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Cloning Essay, Research Paper

CMF Ethics: CloningSubmission from the CHRISTIAN MEDICAL FELLOWSHIP to the




Christian Medical Fellowship is interdenominational and has as members more than

4,500 British doctors and 1,000 British medical students who are Christians and

who desire their professional and personal lives to be governed by the Christian

faith as revealed in the Bible. We have members in all branches of the

profession, and through the International Christian Medical and Dental

Association are linked with like-minded colleagues in over 60 other countries.

We regularly make submissions on ethical matters to Governmental and other

bodies and, for example, commented at length[1] to the House of Lords Select

Committee on Medical Ethics in 1993 on matters which include those covered in

this Submission. We are grateful for the opportunity to comment on the issues

involved in the BMA’s Consultation Paper Withdrawing and Withholding Treatment

and would be willing to help further if requested.

Positional Statements

The following concepts in our Affirmation on Christian Ethics in Medical

Practice are relevant to this Submission:

In Relation to Human Life

Acknowledging that God is the Creator, the Sustainer and the Lord of all life.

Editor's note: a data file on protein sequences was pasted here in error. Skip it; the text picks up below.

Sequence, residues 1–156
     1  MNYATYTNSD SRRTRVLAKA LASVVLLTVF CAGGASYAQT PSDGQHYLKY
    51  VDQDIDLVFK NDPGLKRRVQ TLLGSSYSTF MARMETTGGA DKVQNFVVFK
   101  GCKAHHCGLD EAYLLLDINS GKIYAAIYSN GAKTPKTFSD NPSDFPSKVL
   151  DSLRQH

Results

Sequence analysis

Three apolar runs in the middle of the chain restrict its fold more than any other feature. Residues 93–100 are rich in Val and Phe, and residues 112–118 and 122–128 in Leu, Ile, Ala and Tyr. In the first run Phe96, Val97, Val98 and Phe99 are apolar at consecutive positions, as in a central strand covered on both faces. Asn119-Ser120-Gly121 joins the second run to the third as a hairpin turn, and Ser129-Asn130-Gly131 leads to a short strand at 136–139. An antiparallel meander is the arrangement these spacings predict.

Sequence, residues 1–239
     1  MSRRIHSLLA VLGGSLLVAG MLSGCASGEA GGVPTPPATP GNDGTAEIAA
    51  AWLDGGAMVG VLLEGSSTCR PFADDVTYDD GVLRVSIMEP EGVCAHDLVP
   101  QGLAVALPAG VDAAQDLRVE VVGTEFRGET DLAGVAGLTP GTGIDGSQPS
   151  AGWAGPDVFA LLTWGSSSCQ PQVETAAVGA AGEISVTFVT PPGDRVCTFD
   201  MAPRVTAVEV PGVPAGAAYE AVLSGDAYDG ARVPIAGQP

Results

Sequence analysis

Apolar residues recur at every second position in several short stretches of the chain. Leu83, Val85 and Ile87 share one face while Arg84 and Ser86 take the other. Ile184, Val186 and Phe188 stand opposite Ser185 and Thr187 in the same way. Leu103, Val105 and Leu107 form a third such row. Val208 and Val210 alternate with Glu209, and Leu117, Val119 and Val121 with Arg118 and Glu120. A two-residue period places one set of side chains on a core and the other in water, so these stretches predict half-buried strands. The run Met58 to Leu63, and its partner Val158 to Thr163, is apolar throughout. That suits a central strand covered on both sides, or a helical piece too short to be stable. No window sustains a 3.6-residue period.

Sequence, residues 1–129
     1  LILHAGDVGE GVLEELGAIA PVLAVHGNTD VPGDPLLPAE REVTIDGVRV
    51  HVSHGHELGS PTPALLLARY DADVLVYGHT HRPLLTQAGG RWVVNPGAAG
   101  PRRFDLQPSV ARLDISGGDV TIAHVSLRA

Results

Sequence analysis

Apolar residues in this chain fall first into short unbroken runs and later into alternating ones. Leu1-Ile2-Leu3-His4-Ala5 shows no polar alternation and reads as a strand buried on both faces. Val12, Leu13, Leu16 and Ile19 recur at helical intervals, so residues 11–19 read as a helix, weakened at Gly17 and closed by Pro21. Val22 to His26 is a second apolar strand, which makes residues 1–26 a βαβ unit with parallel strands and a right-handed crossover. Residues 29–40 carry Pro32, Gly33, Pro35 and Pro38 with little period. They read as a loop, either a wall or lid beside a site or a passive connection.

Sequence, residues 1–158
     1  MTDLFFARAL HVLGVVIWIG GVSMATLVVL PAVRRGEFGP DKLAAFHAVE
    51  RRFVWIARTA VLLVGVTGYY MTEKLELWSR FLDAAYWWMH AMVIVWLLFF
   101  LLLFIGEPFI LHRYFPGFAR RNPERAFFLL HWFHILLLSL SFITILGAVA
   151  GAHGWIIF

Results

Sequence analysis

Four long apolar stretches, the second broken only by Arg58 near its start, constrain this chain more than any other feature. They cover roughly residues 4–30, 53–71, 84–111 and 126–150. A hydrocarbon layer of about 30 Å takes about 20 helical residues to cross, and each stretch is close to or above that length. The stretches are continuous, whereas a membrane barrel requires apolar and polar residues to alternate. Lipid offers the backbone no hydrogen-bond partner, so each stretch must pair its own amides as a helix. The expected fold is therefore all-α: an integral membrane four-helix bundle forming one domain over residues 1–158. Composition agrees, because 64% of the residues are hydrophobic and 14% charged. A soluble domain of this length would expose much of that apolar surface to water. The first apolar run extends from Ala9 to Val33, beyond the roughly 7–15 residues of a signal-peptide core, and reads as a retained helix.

Recognising that human beings are unique, being made in the ‘image of God’ . . .

Maintaining the deepest respect for individual human life from its beginning to

its end, including the unborn, the helpless, the handicapped, and those advanced

in age.

In Relation to Patients

Giving effective service to those seeking our medical care irrespective of age,

race, creed, politics, social status or the circumstances which may have

contributed to their illness.

Serving each patient according to their need . . .

Respecting the privacy, opinions and personal feelings of patients and

safeguarding their confidences.

Speaking truth to patients as they are able to accept it, bearing in mind our

own fallibility.

Doing no harm to patients, using only those drugs and procedures which we

believe will be of benefit to them.

Maintaining as a principle that the first duty of doctors is to their patients,

whilst fully accepting our duty to promote preventive medicine and public


We hold the Bible to be the revealed Word of God and find this helpful in giving